When I think about philanthropic-supported research, I also think about another distinction: Investment in research also allows us to inform policy-making and programmatic decisions.
One of Episcopal Health Foundation’s strategies is centered in #HealthNotJustHealthCare. What are the foundation’s current rural health strategies for its service area?
Access to healthcare is one area that we are looking at — but looking at it to address it in different ways. For example, in the context of keeping a hospital open, asking if there are other equally important service delivery models. In the last couple of years, we’re thinking about rural communities that don’t have enough service demand to keep a clinic or hospital open. We need to meet those communities where they are, talk to them about other ways to meet their healthcare needs. A community resource hub may be an option, but that means it will also be a new way of doing the business of healthcare.
We also know that those strategies are all about community engagement. We want to do things reflective of the community members’ needs, wants, and preferences. We want to help find ways for communities to take charge of their own health. One of Dr. Dickey’s major research findings was that sometimes hospital board members did not know what was happening in their hospital. At other times, they knew, but were unable to communicate to their communities what was happening. This latter situation definitely speaks to the need for community engagement.
What community engagement keys are successful in Texas, and, perhaps with modification, useful for the rest of rural America?
Community engagement is key for innovation. Actually, it implies replication because it’s really a continuum for capacity building for whatever the need, from faith-based needs to healthcare needs. At EHF, we have a grantmaking division and a community engagement division with full time staff that are out there helping church members and community members talk through the continuum that involves consultation, evolution, collaboration, and shaping of leadership.
Is there another specific example of the Foundation’s current work in Texas that is poised to potentially influence innovation in other rural areas of the country as did the work around Texas rural hospital closures?
EHF’s board very recently approved funding to support the Texas Health and Human Services Commission in implementing the CHART model in Texas. As you know, this model — the Community Health Access and Rural Transformation — is a CMS [Center for Medicare and Medicaid Services] Innovation Center model. Texas is one of four state participants, along with Alabama, South Dakota, and Washington. This model looks at ways to provide support to hospitals wanting to venture into the value-based purchasing payment alternative as a way to remain in business over the long term. The model is inclusive of telemedicine offerings, but is also mindful of the social determinants of health and population health management.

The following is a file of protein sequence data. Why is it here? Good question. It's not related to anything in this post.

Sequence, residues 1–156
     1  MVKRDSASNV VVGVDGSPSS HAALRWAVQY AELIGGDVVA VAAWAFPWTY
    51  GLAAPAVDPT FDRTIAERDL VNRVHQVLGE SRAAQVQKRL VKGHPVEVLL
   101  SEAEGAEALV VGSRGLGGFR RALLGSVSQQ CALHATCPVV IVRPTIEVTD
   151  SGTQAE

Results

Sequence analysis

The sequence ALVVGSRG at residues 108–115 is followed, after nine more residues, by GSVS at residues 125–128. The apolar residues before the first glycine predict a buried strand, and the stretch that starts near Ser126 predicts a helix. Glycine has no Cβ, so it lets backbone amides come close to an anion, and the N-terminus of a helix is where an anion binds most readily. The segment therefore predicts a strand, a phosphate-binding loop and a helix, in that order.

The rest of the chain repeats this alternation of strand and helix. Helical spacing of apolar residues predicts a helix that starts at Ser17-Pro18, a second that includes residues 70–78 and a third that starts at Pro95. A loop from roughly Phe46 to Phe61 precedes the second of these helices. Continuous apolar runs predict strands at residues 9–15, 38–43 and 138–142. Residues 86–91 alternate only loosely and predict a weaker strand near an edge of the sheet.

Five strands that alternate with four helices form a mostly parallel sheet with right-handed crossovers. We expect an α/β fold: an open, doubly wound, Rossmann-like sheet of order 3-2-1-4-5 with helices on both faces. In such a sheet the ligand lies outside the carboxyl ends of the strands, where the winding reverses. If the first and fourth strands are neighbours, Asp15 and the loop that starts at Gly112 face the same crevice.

When hesitancy and uncertainty exist on the part of rural health stakeholders …, foundations are often willing to step in and take some risk to support promising innovations.
No one knows if CHART will work. When hesitancy and uncertainty exist on the part of rural health stakeholders around this type of investment, foundations are often willing to step in and take some risk to support promising innovations. As one of those foundations, we’re looking at this work with the Commission as an opportunity to add value and support to the overall effort.
We also see a role in working to get other funders involved with projects like this. I see immense value in this type of work. Even small investments in rural-focused research has had such a huge return on investment. It’s been incredible.
Philanthropy leaders are often thought of as thought leaders, or as futurists. Imagining yourself in those roles, what would you personally consider most important if specifically tasked with modernizing rural healthcare delivery?
Funders need to be able to think outside the box and take bold steps. And do that despite the knowledge that everything will not always work out the way it’s intended. We are in the business of investing and in taking risks. We are also in the business of evaluating outcomes and learning from the work we’ve supported.
Due to the COVID-19 pandemic, we have lived through huge changes in healthcare technologies. This provides room for creativity and experimentation in the area of rural healthcare delivery and is actually one of the reasons we got very interested in supporting CHART. Hearing from folks at our state rural health organizations, we’ve learned that many rural hospital leaders are concerned about changing from the fee-for-service model to a capitated payment model. They’re very comfortable with fee-for-service. But with that system, they are also struggling with their bottom line. To explore an alternative payment system will require a whole new mindset — and culture. These changes will require both top-down and bottom-up education that will lean on community engagement.
What are two important issues for rural health and/or rural healthcare delivery that our audience might not have yet considered or heard about, but might be important for their future efforts?
The first issue I’ve mentioned several times and I want to emphasize again: the role of data and research for future efforts to support change in rural health. We are not in the business of funding for the sake of knowledge alone. We are in the business of supporting research because we need it to make improvement in rural healthcare delivery — and improvements that have real impact on people’s lives. Whether you are coming from a perspective as a hospital leader or state policymaker or a foundation, you must have data and research to help inform your decision making.
Rural healthcare delivery is a complex issue. You need to ask the entire community and the entire ecosystem to think with you.
The second theme I’d like to emphasize is an issue of being involved behind the scenes. As I reflect on my experience, it’s really about how you see yourself in this larger ecosystem of rural healthcare delivery. In what ways could you be strategic or be intentional? In my case, it’s about taking advantage of your existing network. For example, I was able to talk with rural-focused federal agency connections on one side and other philanthropic health funder connections on another side. I like being a connector and leveraging all my relationships. Rural healthcare delivery is a complex issue. You need to ask the entire community and the entire ecosystem to think with you.
Opinions expressed are those of the interviewee and do not necessarily reflect the views of the Rural Health Information Hub.